I have question, my Dell Inspiron 7570 has Type-C port as mentioned in Web specification it says "USB 3.1 Gen 1 Type-C™ (DP/Power Delivery)" does it mean it can charge my laptop through type-c port?
second question, if I connect my USB through a Type-A to Type-C cable, will it transfer data faster?
The C or 3.1 port will not charge your laptop. Its for charging phones or other small low power 5VDC (USB Power) devices that can be charged.
Connecting a USB 2.0 device to a higher speed port, such as the 3.1, will not increase speed. It will still be at the USB 2.0 device speed.
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@taabi, for the first question, it's not entirely clear because the spec just says "Power Delivery". The reason that's a problem is that USB Power Delivery can send power in either direction. USB PD can be used for the system to provide additional wattage to peripherals that support USB PD (typically either 7.5W or 15W), and/or to receive power to charge the system itself. Some systems support only the former, some support both, and I suppose some might only support the latter. Dell sometimes clears this up in their specs by specifically mentioning "system charging" or "DC in" for the USB-C port to confirm charging support, but I've seen reports of people successfully charging systems that only showed "Power Delivery" in their specs like yours. I know it's frustrating not to have clearer information from the specs.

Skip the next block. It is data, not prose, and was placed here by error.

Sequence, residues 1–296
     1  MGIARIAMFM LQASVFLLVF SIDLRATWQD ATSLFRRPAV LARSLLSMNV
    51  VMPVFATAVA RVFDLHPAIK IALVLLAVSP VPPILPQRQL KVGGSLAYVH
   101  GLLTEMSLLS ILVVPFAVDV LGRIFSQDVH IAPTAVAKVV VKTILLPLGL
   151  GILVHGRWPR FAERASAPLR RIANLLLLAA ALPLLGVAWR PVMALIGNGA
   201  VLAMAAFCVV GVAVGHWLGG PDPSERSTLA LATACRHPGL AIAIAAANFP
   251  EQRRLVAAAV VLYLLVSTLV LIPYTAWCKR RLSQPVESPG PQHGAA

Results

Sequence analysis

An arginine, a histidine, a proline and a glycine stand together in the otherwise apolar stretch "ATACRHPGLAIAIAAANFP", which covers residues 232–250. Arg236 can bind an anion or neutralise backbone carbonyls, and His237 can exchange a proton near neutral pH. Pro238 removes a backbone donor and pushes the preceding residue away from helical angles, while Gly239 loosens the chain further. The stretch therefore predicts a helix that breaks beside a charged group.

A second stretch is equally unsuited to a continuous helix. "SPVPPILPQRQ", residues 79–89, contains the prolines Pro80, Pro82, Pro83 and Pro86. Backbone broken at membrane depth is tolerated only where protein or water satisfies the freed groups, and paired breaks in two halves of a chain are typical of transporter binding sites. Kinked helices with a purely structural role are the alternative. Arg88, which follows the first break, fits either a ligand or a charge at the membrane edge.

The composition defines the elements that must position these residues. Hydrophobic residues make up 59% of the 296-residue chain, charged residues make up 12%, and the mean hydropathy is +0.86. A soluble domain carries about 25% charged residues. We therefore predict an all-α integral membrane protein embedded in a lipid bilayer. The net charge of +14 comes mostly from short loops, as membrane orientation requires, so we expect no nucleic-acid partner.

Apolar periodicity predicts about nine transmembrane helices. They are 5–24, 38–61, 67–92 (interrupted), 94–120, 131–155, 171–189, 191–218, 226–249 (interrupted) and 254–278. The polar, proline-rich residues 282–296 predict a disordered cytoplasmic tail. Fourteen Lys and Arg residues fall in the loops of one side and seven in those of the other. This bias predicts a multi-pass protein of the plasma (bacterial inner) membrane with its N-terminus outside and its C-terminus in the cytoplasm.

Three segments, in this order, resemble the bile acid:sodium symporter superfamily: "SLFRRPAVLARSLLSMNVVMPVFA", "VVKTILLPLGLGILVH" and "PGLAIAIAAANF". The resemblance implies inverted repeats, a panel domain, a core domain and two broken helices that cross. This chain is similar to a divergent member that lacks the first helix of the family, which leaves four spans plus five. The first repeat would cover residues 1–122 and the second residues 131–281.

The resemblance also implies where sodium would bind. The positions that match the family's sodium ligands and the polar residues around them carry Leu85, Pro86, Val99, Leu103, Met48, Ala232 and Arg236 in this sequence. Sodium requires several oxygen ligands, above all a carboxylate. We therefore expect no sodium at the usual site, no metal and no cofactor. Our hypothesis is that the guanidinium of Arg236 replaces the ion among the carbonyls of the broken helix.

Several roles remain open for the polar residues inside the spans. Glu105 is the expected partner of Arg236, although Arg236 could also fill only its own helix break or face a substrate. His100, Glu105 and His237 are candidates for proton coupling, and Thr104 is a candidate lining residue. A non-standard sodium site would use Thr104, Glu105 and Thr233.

As for the Type A to Type C cable, those are used to connect a USB-C device to a USB-A port, not the other way around. One common use of these cables is to charge smartphones that have Type-C ports from "regular USB" power sources. You would need a Type B to Type C cable to connect a "regular USB" peripheral to a Type-C port, since USB-A is the port found on host devices (like PCs), while USB-B is the port type found on peripheral devices. But regardless, the device will only perform up to the maximum USB spec that it supports. So if it supports only USB 3.1 Gen 1 (or USB 2.0), it won't perform at USB 3.1 Gen 2 speeds just because you connect it to a USB-C port that supports it. Also be aware that there are a huge variety of USB-C cables, including USB-C to USB-A cables. Some of them only support carrying USB 2.0 data, for example. So if you use a cable like that, you can actually bottleneck your device. For USB-C to USB-C cables, versions that only support USB 2.0 are typically used when the cable will be used primarily for charging devices from a wall charger, for example. The more common setup is cables that support USB 3.1 Gen 1, which means it would also support video output. Cables that support USB 3.1 Gen 2 are also available, but they're more expensive and currently are only available up to 3 feet long, and I don't think I've ever seen a C to A cable that supports 3.1 Gen 2. But USB-A ports that support 3.1 Gen 2 are very rare anyway. I wrote a detailed post about the ways that USB-C cables can vary in specs here if you're curious.